Most people’s passion for music stems from performing or listening to it.
And, sure, David Schulenberg has spent countless hours playing historic keyboard instruments and listening to music of all kinds.
But early on, he was intrigued by something deeper — music as a “learned, scholarly discipline.” He was captivated by music’s role in culture, how it was woven into paintings and literature.
“I was always fascinated by music history,” he said. “What was music like before the music we hear today?”
Not every college or university gives students an opportunity to explore that. But Schulenberg’s alma mater, Harvard, did. So he scrapped his plan to study biology and became a music major. Today, the Delmar native is a professor and chair of the music department at Wagner College on Staten Island and teaches historical performance at Julliard.
He returns to the Capital District on Friday, Sept. 23, for a concert at the University at Albany. Schulenberg will present a program of Harpsichord Music of Four Centuries at 8 p.m. at the Performing Arts Center on the uptown campus.
Given his ties to the area – he still has family who lives here – Schulenberg had always wanted to do a recital in Albany. The field of music research is a relatively small one, he said, and he was fortunate to meet Albin J. Zak, the chair of UAlbany’s music department, at a conference. They talked, and Zak made the arrangements for Schulenberg to perform.
He noted with a laugh that he and Zak study very different fields within music history. While Schulenberg’s specialty is early music, Zak’s is popular music, particularly rock and roll. He’ll give the inaugural lecture at the Rock and Roll Hall of Fame’s new lecture series on Wednesday, Oct. 5.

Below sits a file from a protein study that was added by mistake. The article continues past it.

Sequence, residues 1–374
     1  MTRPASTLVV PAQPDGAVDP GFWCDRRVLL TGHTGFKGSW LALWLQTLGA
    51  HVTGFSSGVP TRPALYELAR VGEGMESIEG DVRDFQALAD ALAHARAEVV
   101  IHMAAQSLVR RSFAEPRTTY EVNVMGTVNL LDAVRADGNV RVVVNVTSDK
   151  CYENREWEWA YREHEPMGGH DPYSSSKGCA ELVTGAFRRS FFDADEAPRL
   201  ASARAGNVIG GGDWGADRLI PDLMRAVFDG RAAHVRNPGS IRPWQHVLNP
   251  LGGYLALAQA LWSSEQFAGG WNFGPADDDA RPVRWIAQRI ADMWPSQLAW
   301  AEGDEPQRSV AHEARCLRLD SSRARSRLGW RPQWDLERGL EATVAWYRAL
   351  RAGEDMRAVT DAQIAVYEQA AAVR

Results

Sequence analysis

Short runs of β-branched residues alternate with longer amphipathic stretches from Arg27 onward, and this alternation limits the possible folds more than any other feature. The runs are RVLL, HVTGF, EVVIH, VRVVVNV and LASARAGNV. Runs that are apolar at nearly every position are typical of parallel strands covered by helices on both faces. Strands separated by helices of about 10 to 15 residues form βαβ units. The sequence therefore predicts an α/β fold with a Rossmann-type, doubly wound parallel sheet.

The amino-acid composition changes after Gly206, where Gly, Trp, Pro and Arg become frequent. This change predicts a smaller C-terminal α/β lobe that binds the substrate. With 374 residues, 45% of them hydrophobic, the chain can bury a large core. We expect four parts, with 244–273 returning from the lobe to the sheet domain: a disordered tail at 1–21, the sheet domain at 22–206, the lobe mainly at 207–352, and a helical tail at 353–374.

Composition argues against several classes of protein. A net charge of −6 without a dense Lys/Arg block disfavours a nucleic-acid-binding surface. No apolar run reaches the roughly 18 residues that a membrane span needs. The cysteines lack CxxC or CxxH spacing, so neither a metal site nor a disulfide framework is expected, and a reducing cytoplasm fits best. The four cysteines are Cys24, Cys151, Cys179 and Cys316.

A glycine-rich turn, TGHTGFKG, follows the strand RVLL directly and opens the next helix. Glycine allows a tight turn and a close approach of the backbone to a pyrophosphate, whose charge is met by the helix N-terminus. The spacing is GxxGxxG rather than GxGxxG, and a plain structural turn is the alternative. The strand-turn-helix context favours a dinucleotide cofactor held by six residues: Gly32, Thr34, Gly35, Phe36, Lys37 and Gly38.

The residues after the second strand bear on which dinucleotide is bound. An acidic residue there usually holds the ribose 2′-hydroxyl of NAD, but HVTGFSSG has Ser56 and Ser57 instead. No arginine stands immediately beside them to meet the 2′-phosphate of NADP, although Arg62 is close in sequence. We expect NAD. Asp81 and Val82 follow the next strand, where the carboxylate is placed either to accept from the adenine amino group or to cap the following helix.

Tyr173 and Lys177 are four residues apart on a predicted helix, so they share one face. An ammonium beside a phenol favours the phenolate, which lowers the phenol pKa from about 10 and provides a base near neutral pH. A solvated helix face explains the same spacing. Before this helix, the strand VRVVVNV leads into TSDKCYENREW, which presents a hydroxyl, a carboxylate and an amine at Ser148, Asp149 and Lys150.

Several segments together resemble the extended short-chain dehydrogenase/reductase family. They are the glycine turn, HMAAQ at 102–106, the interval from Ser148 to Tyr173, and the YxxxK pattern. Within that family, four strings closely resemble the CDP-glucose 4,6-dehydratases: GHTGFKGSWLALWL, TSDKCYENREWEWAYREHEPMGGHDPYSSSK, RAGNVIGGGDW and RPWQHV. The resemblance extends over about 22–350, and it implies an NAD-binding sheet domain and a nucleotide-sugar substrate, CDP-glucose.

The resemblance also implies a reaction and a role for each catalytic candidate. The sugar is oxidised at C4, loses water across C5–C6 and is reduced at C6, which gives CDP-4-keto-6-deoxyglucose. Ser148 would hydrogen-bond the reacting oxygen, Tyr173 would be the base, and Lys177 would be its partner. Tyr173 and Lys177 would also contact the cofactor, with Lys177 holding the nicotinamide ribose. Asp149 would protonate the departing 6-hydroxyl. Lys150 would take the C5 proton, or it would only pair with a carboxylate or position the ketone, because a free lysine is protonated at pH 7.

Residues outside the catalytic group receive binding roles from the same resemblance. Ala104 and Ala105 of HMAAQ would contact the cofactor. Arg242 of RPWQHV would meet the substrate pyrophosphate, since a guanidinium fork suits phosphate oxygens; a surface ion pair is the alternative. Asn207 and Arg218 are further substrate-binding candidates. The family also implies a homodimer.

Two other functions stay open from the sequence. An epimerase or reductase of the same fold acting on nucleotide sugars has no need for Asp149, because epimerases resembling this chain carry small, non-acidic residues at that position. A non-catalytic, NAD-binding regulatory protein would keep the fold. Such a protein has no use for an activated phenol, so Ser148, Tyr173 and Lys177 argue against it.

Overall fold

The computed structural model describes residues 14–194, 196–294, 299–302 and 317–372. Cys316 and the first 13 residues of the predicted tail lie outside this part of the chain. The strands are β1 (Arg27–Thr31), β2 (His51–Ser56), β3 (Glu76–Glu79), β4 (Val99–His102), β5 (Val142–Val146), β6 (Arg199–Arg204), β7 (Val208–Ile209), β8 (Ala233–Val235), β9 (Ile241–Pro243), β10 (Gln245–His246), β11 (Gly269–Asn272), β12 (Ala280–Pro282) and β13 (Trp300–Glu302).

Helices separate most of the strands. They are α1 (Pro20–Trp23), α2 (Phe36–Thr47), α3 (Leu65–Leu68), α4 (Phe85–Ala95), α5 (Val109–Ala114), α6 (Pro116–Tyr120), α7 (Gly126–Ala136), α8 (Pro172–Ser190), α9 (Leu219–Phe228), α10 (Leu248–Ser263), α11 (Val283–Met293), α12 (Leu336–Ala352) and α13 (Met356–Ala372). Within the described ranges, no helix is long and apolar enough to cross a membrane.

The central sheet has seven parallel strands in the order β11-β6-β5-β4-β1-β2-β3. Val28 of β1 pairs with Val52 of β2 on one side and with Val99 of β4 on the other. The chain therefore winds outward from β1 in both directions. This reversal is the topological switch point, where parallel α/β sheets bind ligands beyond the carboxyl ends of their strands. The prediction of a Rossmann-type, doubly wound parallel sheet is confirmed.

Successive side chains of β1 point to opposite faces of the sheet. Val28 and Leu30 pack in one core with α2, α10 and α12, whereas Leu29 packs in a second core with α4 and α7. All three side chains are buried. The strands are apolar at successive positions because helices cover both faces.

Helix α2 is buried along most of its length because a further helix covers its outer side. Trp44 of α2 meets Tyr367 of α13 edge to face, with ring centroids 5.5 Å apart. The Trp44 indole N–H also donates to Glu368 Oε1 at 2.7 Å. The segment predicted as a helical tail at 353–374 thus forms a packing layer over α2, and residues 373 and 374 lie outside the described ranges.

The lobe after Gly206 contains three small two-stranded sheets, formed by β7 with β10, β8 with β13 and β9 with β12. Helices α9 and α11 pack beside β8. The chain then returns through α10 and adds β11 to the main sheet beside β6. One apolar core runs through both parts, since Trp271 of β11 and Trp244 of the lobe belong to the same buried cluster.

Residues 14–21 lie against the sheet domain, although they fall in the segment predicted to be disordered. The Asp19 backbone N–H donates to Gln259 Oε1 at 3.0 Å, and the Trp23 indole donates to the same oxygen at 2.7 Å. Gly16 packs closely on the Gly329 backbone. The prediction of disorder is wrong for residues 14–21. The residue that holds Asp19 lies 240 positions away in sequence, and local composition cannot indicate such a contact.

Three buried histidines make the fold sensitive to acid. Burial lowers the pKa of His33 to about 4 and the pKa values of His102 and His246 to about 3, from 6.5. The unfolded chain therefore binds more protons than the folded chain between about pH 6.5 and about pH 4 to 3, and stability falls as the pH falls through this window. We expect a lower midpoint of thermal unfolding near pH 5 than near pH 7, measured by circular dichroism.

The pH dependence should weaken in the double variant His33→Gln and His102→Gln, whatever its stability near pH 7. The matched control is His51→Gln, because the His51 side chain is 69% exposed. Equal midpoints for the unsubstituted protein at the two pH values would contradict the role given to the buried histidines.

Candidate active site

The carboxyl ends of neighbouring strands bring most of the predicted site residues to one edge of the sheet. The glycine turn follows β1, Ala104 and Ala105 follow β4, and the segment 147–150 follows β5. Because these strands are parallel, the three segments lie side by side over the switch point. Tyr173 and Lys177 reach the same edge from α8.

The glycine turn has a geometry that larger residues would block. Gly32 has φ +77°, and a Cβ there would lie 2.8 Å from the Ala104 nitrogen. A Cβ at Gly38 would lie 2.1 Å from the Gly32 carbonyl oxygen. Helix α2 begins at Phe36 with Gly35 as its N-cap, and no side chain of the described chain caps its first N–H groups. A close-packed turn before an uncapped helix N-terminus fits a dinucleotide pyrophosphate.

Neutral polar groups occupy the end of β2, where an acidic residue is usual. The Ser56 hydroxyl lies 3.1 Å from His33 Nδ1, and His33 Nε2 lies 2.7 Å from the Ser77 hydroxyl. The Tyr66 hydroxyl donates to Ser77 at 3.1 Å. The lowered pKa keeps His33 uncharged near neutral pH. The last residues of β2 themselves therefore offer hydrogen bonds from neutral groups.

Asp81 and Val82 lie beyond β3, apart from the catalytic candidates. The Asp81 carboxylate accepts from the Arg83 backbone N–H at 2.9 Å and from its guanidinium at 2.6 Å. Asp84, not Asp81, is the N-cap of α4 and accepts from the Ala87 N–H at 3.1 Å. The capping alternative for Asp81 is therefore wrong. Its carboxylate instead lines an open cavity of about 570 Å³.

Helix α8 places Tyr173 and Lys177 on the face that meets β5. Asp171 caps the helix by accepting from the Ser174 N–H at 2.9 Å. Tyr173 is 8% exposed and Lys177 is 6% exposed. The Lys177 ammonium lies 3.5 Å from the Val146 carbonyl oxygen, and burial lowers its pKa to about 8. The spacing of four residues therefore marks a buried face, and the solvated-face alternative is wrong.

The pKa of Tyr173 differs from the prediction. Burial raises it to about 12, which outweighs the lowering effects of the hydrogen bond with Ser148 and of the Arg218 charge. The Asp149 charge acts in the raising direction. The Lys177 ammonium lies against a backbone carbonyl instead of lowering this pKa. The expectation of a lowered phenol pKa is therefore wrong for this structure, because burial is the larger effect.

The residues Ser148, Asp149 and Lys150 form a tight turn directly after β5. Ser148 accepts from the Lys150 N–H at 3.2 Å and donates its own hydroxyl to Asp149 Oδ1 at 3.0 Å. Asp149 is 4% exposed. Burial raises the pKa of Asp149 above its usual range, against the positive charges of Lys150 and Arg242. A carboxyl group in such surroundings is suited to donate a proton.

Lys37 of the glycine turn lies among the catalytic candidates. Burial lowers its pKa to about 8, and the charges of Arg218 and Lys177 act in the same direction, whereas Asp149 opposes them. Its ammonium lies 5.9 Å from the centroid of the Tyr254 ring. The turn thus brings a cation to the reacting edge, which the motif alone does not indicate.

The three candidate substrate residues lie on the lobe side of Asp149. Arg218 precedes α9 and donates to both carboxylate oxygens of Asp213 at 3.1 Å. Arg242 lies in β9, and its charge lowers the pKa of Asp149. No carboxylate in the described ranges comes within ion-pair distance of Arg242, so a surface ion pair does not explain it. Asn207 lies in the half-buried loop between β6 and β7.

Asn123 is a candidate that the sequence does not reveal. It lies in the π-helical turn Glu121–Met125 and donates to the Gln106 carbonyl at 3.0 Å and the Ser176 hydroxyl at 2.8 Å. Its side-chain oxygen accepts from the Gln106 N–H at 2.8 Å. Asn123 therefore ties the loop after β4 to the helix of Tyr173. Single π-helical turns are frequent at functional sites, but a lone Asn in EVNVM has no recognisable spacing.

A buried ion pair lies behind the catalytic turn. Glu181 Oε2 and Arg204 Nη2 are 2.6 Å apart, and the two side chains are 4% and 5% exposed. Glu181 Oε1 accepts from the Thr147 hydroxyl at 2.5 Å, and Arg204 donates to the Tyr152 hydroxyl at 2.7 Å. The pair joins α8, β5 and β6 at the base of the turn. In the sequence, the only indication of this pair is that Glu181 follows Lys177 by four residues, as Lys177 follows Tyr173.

The harpsichord, a keyboard instrument that gained popularity in Europe in the 1500s and is often considered a forerunner to the piano, isn’t as far off the beaten path as it might seem at first glance, though, Schulenberg said.
“It’s a historical instrument, but very much a living instrument,” he said. The Beatles used a harpsichord, and even modern acts like Vampire Weekend have worked it into songs, he said.
UAlbany is extremely fortunate to have a pair of excellent harpsichords, a French model and an Italian model, Schulenberg said. Although they were made in the 1960s, they are replicas of historic harpsichords, and Schulenberg is excited to play them.
He’ll give the crowd some background on the instruments, but he said he’s not planning a lecture.
“People are coming to hear music, not to hear me talk,” he said. “People don’t hear harpsichord music everyday.”
With that in mind, he’s planning a wide variety of music that cuts across 400 years. There will be a piece by the 16th-century English Renaissance composer William Byrd, one from about 1615 by Girolamo Frescobaldi that represents the beginning of the Baroque style in Italy, and two sonatas by Domenico Scarlatti from roughly a century later. Schulenberg will also perform the Italian Concerto by Johann Sebastian Bach.
Bach has been one of the focal points of Schulenberg’s career. He is considered one of the country’s leading experts on the Bach family, and “The Keyboard Music of J.S. Bach” is among the books he’s written. He said that when he hears a piece of modern music, he often thinks, “Well, that’s interesting, but how did Bach play it, or his contemporaries?”
Exploring that question is essentially the cornerstone of his teaching work. He said while looking at music while considering the tempo, instruments and other factors that influenced earlier generations, “you come up with ideas you would never get otherwise.”
When he’s not teaching, Schulenberg does spend a fair amount of time playing the harpsichord and other historic keyboard instruments. He and his wife, Mary Oleskiewicz, an international performer on the Baroque flute, play as a duo. Oleskiewicz teaches at the University of Massachusetts Boston.
Although he maintains an apartment in New York City, Schulenberg also has a place in Boston with his wife. He called the arrangement “the best of both worlds.”
Adding Albany to his mix of cities only sweetens the pot, he said.
Tickets for Schulenberg’s show are $8 for the public and $4 for students, seniors and UAlbany faculty/staff and may be purchased through the Performing Arts Center Box Office. For more information, call the box office at 442-3997.